Region beyond the solar system could soon provide signs of life

Region beyond the solar system could soon provide signs of life


According to experts, signs of life can be seen within two to three years. Researchers have mainly looked for planets that are similar in size, mass, temperature, and atmospheric composition to Earth.

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According to experts, signs of life can be seen within two to three years. Researchers have mainly looked for planets that are similar in size, mass, temperature, and atmospheric composition to Earth.

However, the University of Cambridge astronomers believe there could be more promising possibilities after recent work suggested that a “mini-Neptune” more than twice the Earth’s radius and eight times its mass could also be habitable.

The researchers have also identified a new class of habitable exoplanets called Hycean planets.

These are hot, covered by the ocean, and have hydrogen-rich atmospheres – which are more numerous and observable than Earth-like planets. The mini-Neptune, known as K2-18b, is one, and many more could exist.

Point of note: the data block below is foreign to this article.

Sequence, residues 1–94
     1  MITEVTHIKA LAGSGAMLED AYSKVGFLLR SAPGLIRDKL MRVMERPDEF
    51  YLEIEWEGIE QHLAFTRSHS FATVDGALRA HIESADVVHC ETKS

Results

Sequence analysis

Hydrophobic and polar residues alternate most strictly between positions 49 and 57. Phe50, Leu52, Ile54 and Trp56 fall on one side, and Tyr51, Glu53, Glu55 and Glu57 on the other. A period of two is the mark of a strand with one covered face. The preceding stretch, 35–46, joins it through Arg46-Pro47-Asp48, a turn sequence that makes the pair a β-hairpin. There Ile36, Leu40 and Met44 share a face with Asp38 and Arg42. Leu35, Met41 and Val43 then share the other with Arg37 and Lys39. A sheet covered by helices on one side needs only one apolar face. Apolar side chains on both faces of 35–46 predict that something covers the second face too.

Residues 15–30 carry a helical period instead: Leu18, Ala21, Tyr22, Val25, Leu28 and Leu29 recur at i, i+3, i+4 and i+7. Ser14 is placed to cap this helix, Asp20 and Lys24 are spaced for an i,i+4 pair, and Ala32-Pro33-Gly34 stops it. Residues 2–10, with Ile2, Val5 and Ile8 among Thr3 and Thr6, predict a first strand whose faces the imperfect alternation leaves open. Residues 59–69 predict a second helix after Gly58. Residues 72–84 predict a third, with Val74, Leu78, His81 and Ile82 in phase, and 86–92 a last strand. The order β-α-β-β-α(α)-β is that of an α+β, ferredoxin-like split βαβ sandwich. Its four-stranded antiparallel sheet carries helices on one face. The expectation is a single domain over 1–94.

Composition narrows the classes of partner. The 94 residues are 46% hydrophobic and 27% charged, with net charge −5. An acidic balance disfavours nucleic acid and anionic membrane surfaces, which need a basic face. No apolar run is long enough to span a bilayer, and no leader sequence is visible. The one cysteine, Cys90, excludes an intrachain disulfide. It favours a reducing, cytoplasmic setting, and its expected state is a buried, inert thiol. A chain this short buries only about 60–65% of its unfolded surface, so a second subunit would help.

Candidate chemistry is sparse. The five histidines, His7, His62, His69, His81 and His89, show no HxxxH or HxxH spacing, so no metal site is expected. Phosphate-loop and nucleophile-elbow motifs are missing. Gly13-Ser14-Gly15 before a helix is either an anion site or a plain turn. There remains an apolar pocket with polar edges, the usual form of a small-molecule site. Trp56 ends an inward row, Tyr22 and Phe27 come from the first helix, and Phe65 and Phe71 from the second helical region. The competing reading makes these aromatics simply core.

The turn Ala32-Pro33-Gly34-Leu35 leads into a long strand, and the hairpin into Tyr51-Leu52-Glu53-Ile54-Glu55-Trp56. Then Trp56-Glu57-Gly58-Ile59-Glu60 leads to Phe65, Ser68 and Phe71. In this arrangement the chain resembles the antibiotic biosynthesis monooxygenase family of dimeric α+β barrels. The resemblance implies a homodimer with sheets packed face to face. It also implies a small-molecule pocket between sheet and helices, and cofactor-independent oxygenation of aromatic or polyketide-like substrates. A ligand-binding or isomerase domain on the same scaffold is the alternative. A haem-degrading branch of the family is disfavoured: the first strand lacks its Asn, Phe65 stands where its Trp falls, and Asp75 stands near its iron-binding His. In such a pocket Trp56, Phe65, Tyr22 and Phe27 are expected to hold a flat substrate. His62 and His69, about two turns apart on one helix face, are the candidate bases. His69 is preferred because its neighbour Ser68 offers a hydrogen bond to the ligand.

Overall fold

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Dr. Nikku Madhusudhan, the lead author of the study from the University of Cambridge, was quoted by the Guardian as saying, “Hyceans are basically water worlds with hydrogen-rich atmospheres”.

He added, “We say we can see the first evidence of biosignatures in two to three years if these planets are home to life.”

Madhusudhan pointed out that the small size of Earth-like planets compared to Sun-like stars resulted in weak atmospheric signatures.

This makes it difficult to see signs of life.

However, Hyceans can be more than twice the radius of Earth for a planet, roughly 10 times its mass, and significantly hotter, with average atmospheric temperatures close to 200 ° C.

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